Stuttering video fixed

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The ND filter is likely allowing your shutter speed to slow down a bit by allowing less light into the lens. Here's the full explanation with a great video:

To prevent stutter, the shutter speed should be more than half of the frame rate. In other words the denominator of the shutter speed should never exceed more than two times the number of frames per second.

For example, if the frame rate is 30fps, you should never have a shutter speed faster than 1/60 (so 1/50 would be ok, 1/100 would cause the stuttering effect).

So, in the above examples, I would expect some stuttering for all except the 60 fps example since they're shot at 1/00.

Again, the explanation is well done in this video starting at about 21:00. But basically, if the camera is recording a very short slice in time (1/100's of a second) just 24 times each second, moving objects appear to jitter or stutter from their position. If the shutter speed is longer, each frame will blur just a bit but this will smooth out the transition from one frame to the next.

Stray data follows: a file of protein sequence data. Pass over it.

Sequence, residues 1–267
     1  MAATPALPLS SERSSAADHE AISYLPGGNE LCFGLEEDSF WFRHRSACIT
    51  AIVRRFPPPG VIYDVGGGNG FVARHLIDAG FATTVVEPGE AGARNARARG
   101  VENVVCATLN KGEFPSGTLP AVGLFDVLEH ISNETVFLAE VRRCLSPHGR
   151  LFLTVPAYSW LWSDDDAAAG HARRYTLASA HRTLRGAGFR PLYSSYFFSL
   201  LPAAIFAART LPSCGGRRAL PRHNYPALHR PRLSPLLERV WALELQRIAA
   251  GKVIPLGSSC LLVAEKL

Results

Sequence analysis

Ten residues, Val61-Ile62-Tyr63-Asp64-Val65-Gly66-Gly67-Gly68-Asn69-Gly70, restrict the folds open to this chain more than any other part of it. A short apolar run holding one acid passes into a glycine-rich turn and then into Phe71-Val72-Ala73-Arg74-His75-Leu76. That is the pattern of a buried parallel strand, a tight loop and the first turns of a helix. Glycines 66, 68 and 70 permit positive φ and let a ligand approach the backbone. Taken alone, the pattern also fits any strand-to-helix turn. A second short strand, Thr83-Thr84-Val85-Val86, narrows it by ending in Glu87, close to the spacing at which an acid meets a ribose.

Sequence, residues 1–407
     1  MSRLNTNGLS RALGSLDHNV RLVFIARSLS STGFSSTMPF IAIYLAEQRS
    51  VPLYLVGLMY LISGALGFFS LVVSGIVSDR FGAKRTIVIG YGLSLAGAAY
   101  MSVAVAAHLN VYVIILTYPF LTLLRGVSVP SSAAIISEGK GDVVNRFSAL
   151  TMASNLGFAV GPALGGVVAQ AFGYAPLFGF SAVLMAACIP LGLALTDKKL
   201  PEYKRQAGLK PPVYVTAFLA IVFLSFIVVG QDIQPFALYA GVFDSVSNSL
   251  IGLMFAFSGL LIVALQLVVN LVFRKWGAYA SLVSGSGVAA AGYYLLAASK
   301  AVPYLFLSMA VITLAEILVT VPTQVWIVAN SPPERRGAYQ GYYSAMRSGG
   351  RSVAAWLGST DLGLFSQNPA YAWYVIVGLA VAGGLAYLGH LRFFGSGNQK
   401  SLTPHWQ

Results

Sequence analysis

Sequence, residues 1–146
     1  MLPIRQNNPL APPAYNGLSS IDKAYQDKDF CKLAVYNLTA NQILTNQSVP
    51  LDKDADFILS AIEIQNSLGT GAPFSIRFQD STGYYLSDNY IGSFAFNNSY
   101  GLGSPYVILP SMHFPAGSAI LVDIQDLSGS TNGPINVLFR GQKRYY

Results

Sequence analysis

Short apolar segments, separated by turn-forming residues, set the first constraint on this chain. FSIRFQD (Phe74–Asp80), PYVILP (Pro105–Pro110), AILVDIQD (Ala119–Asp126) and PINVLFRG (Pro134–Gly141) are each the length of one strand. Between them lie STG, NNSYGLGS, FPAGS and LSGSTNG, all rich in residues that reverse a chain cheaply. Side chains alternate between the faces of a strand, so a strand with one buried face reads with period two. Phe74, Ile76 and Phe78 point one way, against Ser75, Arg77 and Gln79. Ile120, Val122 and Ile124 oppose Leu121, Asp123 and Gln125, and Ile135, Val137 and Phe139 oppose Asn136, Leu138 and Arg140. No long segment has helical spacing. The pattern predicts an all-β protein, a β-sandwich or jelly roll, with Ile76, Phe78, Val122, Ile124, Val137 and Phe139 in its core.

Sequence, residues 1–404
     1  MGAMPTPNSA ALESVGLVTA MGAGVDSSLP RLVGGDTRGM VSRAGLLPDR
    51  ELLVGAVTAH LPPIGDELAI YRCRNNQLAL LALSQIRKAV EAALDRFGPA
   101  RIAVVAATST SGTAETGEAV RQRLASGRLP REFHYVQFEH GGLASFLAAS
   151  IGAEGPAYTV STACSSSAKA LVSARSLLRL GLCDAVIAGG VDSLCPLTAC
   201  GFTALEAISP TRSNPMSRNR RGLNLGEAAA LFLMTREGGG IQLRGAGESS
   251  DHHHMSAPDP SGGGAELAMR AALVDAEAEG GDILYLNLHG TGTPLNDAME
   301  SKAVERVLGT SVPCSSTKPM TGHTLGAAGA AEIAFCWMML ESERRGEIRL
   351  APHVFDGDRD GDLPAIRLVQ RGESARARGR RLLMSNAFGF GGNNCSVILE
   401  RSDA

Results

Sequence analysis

This is where ND filters come into play. On a bright day, you simply can't shoot video at 1/50 speed because everything will be overexposed. If you darken the lens with an ND filter (or 2), the camera can shoot properly exposed video at a much slower shutter speed thus smoothing out the video.


Hope that helps!
Chris
 

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